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My interest is in the future because I am going to spend the rest of my life there."—Charles E Kettering Toward 16 By Harvey H. Segal Man has an insatiable curiosity about the shape of the future and it is hardly likely to be concealed as the curtain rises on the decade of the 1970s. Our early ancestors were principally concerned with physical survival in the immediate future, imploring their gods for protection from plague and pillage, droughts and floods, fires and frosts. Modern man's interest in prognostication is directed largely toward the unknowns in the economy. Forecasts of the economic future are based upon an impressive body of historical knowledge as well as techniques for linking the past with the present and, hopefully, with the future. But sophistication is no insurance against costly failure in the treacherous game of forecasting. Ten years ago, it will be remembered, there was much brave talk about the "Swinging Sixties" and the unlimited economic horizons of a decade of rapid growth that lay ahead. Yet half the decade was to pass before the country was lifted out of economic stagnation, from the slough of slow growth and an unacceptably high level of unemployment. The euphoria of that decade therefore stands as a warning against glib optimism in the 1970s. Safety in forecasting can be purchased, but only at the price of retreating to the trite or innocuous, such as the statement that the only thing certain in the uncertain future is the persistence of change. But there is a middle ground approach that offers valuable insights into the future by ignoring the short-term reverses and twists of business fortunes—the saw-toothed fluctuations of the wall chart curves. It involves the extension of well established trends, the long-term tendencies that are not likely to be quickly reversed and which exert a powerful influence in shaping the course of the economy. What is required of us today, if we want to understand and master our future, is a blend of capabilities. We need to combine the realistic, hard-headed approach of the experienced and skeptical accountant with the appreciation of the new and significant among many emerging social trends— which is more in the domain of the far-sighted social scientist. In other words, we must use both the telescope and the microscope in order to discern the big picture as well as the details of our future. Population growth, a fundamental of any excursion into the future, is influenced by persistent forces—economic, social and technological—that change gradually and in a reasonably predictable fashion. New breakthroughs in medical knowledge and techniques, as well as the more effective application of what is already known, will in all likelihood accelerate the decline in infant mortality and increase the longevity of the adult population. Affluence should help sustain a high birth rate, but one that is lower than in the 1940s and 1950s. Thus, barring some misfortunes of catastrophic dimension, such as the outbreak of a thermonuclear war, there will be net increases in the population of the United States during every year of the 1970s. Forecasting that growth —and with it the composition of the population by age groups, color and other characteristics—hinges largely on predicting the fertility and birth rates. Other trends are far less stable over time, growth of income and of government expenditures being examples of trajectories that are subject to the fickle deflections of fleeting, short-term influences. The more regular, firmly estab- Harvey H. Segal is Chairman of the Economics Department of the University of Massachusetts at Boston. He has been an economics specialist on the editorial staffs of The New York Times and the Washington Post.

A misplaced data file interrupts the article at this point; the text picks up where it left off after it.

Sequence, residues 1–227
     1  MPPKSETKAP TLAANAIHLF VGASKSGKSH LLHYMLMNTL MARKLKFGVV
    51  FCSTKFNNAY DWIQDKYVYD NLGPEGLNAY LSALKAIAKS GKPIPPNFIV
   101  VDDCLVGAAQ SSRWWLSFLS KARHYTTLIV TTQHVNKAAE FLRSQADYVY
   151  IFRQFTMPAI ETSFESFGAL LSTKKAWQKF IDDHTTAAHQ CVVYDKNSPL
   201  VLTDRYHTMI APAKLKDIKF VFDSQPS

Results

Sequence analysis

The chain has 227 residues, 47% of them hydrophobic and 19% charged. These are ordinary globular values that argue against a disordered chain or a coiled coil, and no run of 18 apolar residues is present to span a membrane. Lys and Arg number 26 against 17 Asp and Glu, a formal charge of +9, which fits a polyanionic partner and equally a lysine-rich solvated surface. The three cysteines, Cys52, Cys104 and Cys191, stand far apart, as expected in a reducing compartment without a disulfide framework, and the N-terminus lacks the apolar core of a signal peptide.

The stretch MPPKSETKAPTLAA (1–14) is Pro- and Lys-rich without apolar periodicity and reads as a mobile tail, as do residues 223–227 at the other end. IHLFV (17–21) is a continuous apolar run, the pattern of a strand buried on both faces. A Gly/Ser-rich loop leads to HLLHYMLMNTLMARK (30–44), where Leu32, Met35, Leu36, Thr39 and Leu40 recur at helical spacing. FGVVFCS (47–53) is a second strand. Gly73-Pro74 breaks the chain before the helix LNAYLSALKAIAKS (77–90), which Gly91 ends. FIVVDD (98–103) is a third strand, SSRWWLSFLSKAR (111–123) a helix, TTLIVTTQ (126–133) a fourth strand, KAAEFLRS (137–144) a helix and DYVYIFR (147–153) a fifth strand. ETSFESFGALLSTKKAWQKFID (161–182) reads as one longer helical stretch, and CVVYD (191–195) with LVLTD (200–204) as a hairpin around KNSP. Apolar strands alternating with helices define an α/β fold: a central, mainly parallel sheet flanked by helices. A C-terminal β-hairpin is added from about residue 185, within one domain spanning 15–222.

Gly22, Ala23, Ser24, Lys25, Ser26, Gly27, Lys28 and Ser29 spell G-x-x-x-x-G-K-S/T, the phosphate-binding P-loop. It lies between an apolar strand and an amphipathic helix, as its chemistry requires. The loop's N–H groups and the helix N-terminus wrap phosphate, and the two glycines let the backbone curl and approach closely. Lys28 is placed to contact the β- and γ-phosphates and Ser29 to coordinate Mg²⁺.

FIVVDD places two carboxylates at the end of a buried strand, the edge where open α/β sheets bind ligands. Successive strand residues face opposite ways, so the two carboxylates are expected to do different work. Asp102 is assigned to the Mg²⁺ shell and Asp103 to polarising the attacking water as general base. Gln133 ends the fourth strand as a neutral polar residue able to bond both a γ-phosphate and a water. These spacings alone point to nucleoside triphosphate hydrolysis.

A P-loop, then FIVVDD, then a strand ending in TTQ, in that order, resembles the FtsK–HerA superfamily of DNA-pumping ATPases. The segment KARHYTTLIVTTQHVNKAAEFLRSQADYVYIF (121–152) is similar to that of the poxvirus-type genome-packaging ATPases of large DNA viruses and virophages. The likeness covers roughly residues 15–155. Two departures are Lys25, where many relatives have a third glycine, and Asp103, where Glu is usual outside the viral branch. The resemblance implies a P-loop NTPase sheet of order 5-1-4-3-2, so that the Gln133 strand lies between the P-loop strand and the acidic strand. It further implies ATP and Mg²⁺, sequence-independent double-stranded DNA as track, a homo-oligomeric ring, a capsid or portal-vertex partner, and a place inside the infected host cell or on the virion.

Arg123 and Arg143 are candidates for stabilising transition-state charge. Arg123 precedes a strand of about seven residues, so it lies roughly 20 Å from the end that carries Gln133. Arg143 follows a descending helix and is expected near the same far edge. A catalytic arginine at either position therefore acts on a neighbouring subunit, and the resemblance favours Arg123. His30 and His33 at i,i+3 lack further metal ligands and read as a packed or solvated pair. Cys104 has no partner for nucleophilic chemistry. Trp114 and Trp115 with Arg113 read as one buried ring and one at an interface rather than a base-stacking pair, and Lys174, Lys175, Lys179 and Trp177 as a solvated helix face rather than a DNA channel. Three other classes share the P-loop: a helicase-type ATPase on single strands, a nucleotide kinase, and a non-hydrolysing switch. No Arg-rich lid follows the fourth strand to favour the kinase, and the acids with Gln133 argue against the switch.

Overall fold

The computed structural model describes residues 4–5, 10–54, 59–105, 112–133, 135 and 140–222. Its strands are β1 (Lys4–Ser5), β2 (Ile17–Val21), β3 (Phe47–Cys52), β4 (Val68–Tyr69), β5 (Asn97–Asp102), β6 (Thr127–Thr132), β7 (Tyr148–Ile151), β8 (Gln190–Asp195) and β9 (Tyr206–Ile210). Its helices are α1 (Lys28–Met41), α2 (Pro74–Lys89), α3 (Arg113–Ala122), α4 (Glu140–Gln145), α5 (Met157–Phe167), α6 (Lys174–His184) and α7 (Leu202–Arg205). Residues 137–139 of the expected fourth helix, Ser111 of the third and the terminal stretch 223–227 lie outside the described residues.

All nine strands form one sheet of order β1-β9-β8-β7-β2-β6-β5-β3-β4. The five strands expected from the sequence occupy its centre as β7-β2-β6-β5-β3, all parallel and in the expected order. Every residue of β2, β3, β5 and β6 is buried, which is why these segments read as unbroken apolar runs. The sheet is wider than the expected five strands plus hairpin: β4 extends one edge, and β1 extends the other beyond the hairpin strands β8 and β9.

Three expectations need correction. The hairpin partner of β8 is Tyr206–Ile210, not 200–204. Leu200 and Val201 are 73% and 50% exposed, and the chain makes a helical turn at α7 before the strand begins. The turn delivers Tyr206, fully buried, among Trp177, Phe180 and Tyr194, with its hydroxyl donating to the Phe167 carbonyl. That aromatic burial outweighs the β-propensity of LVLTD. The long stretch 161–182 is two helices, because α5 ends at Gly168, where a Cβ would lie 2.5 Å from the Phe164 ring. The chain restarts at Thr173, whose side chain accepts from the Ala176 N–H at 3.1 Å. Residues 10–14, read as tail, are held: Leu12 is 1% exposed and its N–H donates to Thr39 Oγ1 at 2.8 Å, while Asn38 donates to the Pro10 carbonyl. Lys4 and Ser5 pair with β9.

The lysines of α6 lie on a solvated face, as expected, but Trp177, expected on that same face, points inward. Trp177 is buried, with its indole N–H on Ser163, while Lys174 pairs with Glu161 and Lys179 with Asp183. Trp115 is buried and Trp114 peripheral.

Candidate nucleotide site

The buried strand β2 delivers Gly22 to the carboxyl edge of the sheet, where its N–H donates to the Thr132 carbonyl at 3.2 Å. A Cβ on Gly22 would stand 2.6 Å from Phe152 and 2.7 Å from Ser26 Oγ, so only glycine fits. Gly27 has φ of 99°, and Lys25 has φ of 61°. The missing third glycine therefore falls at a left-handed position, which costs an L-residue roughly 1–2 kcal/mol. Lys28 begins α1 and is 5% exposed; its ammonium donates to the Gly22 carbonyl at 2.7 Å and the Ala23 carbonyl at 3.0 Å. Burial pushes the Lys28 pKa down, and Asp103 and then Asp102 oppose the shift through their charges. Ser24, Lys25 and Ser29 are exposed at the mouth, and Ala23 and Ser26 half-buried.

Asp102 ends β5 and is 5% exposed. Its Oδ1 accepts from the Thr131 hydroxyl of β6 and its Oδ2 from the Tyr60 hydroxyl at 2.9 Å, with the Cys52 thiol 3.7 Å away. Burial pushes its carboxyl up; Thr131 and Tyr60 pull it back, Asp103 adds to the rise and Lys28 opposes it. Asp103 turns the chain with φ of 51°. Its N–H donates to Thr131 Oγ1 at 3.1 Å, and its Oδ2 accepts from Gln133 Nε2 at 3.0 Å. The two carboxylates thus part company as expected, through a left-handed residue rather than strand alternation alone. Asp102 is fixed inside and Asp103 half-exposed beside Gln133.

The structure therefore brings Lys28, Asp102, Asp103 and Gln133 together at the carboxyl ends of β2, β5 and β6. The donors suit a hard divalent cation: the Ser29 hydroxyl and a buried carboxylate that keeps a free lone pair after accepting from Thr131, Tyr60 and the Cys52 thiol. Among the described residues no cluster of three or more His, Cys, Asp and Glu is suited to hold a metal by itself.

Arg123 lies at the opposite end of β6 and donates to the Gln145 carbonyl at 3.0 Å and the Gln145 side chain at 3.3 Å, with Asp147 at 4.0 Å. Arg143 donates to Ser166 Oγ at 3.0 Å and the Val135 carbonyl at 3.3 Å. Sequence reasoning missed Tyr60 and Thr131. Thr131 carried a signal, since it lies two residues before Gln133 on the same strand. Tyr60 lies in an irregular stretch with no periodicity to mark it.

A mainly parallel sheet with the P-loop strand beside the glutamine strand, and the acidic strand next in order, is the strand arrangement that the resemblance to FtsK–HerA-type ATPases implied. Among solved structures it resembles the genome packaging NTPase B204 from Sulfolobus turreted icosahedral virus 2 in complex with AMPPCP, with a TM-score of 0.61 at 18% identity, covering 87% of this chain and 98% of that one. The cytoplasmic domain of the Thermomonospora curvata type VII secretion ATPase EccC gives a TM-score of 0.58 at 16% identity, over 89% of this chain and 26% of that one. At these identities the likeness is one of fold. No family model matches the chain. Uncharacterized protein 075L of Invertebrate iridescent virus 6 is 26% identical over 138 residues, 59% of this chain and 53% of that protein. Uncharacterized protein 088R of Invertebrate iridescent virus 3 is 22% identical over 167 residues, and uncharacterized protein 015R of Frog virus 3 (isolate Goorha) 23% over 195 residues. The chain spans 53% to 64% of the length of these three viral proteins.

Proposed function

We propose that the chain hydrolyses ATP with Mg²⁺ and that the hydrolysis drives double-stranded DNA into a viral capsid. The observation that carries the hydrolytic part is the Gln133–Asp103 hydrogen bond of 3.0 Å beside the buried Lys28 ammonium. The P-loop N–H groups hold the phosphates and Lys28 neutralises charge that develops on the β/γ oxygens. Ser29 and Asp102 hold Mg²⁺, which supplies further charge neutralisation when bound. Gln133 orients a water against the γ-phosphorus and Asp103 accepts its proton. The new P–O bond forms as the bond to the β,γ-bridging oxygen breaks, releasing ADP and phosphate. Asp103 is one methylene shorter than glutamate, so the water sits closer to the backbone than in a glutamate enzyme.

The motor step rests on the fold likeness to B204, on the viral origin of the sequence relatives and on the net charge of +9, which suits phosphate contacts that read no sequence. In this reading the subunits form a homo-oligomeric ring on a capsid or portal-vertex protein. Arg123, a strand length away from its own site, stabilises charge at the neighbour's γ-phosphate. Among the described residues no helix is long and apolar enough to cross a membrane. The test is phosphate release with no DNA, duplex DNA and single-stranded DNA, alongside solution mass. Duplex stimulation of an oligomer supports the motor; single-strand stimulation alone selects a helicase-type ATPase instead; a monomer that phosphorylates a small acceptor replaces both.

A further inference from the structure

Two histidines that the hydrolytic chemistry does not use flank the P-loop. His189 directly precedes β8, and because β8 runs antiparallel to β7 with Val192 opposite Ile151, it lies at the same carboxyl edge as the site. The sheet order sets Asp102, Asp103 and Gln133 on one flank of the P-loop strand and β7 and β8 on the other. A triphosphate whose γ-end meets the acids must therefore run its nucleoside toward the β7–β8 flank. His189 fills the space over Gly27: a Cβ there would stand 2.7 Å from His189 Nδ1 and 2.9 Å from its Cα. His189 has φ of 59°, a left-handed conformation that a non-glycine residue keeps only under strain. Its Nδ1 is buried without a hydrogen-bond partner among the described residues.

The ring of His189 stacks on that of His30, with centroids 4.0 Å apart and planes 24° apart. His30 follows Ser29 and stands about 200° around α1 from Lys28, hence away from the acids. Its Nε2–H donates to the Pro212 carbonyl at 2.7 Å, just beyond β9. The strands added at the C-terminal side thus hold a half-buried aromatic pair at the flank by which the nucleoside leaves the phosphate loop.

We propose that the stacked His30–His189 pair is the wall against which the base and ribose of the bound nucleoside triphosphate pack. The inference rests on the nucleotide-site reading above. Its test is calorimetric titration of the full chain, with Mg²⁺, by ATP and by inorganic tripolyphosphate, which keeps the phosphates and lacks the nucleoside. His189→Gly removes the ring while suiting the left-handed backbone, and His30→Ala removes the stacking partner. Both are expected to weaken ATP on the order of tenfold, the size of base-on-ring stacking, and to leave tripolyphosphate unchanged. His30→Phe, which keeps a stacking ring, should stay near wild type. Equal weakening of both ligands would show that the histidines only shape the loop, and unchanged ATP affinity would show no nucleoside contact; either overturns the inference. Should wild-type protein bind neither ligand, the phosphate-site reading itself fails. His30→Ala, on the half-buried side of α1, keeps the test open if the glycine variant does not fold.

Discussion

Toward the challenges of 1980
Segal, Harvey H.
Accounting as a profession
Economic forecasting -- United States
H&S Reports, Vol. 07, (1970 winter), p. 16-19
|Source||Originally published by: Haskins & Sells|
|Rights||Copyright and permission to republish held by: Deloitte|
|Format||PDF page image with corrected OCR scanned at 400 dpi|
|Collection||Deloitte Digital Collection|
|Digital Publisher||University of Mississippi Library. Accounting Collection|